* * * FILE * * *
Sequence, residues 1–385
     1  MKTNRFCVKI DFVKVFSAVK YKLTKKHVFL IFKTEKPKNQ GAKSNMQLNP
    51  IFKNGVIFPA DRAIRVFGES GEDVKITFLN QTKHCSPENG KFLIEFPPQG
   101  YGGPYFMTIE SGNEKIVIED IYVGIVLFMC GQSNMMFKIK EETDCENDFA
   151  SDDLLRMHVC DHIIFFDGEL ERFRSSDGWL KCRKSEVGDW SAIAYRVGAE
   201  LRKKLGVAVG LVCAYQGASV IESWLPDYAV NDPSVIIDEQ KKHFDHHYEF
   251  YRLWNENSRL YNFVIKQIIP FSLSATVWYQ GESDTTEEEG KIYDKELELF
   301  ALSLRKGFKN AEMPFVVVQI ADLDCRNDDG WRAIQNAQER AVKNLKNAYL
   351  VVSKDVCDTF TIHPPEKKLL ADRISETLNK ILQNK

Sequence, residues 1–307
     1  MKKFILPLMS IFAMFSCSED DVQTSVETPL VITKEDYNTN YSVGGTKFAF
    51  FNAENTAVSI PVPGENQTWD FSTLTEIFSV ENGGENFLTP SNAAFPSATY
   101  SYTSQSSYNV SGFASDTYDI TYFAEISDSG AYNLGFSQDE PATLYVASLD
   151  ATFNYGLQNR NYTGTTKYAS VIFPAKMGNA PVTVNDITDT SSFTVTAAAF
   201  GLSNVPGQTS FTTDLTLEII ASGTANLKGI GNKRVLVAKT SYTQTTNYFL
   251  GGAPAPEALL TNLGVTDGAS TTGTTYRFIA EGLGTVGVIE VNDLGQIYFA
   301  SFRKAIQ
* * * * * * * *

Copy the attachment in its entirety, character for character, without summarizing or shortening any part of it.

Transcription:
Sequence, residues 1–385
     1  MKTNRFCVKI DFVKVFSAVK YKLTKKHVFL IFKTEKPKNQ GAKSNMQLNP
    51  IFKNGVIFPA DRAIRVFGES GEDVKITFLN QTKHCSPENG KFLIEFPPQG
   101  YGGPYFMTIE SGNEKIVIED IYVGIVLFMC GQSNMMFKIK EETDCENDFA
   151  SDDLLRMHVC DHIIFFDGEL ERFRSSDGWL KCRKSEVGDW SAIAYRVGAE
   201  LRKKLGVAVG LVCAYQGASV IESWLPDYAV NDPSVIIDEQ KKHFDHHYEF
   251  YRLWNENSRL YNFVIKQIIP FSLSATVWYQ GESDTTEEEG KIYDKELELF
   301  ALSLRKGFKN AEMPFVVVQI ADLDCRNDDG WRAIQNAQER AVKNLKNAYL
   351  VVSKDVCDTF TIHPPEKKLL ADRISETLNK ILQNK

Sequence, residues 1–307
     1  MKKFILPLMS IFAMFSCSED DVQTSVETPL VITKEDYNTN YSVGGTKFAF
    51  FNAENTAVSI PVPGENQTWD FSTLTEIFSV ENGGENFLTP SNAAFPSATY
   101  SYTSQSSYNV SGFASDTYDI TYFAEISDSG AYNLGFSQDE PATLYVASLD
   151  ATFNYGLQNR NYTGTTKYAS VIFPAKMGNA PVTVNDITDT SSFTVTAAAF
   201  GLSNVPGQTS FTTDLTLEII ASGTANLKGI GNKRVLVAKT SYTQTTNYFL
   251  GGAPAPEALL TNLGVTDGAS TTGTTYRFIA EGLGTVGVIE VNDLGQIYFA
   301  SFRKAIQ